To most Americans, Cuba remains something of a mystery despite its nearness to the U.S. (the Cuban mainland is about 90 miles from Key West). Despite some recent loosening of travel restrictions, laws dating back to the Cold War mean it’s still far more difficult for Americans to travel to Cuba than to most other Caribbean countries, while in the news we hear about defectors and visiting celebrities like the Pope far more often than we do about ordinary Cubans and how they live their lives.
For all these reasons, Mary Jane Doherty’s documentary Secundaria, which follows a class of students through their final three years at the National Ballet School, holds particular interest for Americans. She focuses on three students of contrasting economic backgrounds: Gabriela Lugo Morena, who shares a small apartment with her mother and brother and takes a long bus ride each day to class, Mayara Piñeiro, who comes from a comfortable background (her father is in the military, and her mother works for a hotel), and Moisés León Noriega, whose family is extremely poor.
Doherty has not imposed much structure on her film, which feels more like a visual diary than a completed film. Fortunately, the students’ progress provides her with some forward momentum, as they experience the usual ups and downs to be expected of teenagers training for a difficult profession—being overlooked followed by performing successfully in a competition, missing time due to injury, being placed in a remedial class one year then chosen for lead roles the next, and so on.
While there’s lots of footage of the students practicing and performing in Secundaria, there’s very little explanation of how they are chosen in the first place or graded once they are part of the school, and even less about what is at stake for them (e.g., what kind of life does a successful graduate enjoy, compared to what they might have achieved otherwise?). Another odd omission is the lack of discussion of the school’s curriculum—the students clearly learn something about folk and modern dance, but it’s never explained how that works in conjunction with their training in traditional ballet. Financial matters are also largely undiscussed (toe shoes in particularly are notoriously expensive and don’t last long, so the money must be coming from somewhere), apart from mention of the difficulty of finding a functioning bus for a tour.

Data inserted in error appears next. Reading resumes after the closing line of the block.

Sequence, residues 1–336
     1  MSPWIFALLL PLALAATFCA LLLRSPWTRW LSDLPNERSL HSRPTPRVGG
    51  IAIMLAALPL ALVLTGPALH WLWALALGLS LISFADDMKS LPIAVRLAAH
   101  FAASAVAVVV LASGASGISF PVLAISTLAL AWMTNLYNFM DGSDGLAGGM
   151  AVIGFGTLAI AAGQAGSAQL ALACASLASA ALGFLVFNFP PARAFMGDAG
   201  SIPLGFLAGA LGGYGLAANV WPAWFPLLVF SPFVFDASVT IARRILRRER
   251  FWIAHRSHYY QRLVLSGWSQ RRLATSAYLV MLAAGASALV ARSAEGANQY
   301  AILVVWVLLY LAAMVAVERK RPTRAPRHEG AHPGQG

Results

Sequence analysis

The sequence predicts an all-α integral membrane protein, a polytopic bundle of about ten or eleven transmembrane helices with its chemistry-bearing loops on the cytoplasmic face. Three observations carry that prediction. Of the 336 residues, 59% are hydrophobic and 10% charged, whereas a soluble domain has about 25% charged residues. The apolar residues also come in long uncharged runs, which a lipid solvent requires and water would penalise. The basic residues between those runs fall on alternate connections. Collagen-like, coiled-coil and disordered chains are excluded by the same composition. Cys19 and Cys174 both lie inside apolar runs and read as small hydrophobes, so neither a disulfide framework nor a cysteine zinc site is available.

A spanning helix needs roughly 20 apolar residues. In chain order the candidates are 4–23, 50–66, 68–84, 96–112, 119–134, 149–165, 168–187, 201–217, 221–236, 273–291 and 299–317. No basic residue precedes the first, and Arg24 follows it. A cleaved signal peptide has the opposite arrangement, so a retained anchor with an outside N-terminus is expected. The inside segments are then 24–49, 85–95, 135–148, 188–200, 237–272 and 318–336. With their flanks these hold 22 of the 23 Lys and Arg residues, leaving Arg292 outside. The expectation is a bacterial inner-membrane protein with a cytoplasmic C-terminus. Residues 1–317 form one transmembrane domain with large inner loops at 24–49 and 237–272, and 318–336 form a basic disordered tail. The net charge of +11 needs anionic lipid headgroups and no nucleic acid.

The best students get to perform outside the country, going one year to South Africa and Italy, and another year to Canada. The latter trip provides the most dramatic event of the film, and the filmmaker’s fly-on-the-wall approach pays off well in allowing the viewer to experience an unexpected event that seems to be presented without any kind of filter. The reactions of the family of the student involved, and the other ballet students, provide more insight into the conditions of their lives in than does much of the rest of the film.
In the end, Secundaria is a mixed bag—interesting because of its subject, but disappointing because the filmmaker doesn’t seem interested in inquiring into even the most basic aspects of the students’ lives or the operation of the ballet school. The film’s technical quality also leaves something to be desired: for instance, dancers are often allowed to dance right out of the frame, as if the director didn’t know what they were going to do next. Much of the non-English dialogue is not translated, and the voiceover narration sometimes explains things and sometimes just leaves you wondering. Many scenes simply end in a blackout, which often lasts much longer than necessary and becomes a distracting device rather than a simple cut. None of this means that Secundaria is not worth seeing—it certainly is, particularly if you are interested in dance—but it does make you wish the director had done something more compelling with the fascinating material she gathered.
Extras on the disc include a stills gallery, a biography of the director and a statement by her, and trailers for other films distributed by First Run Features.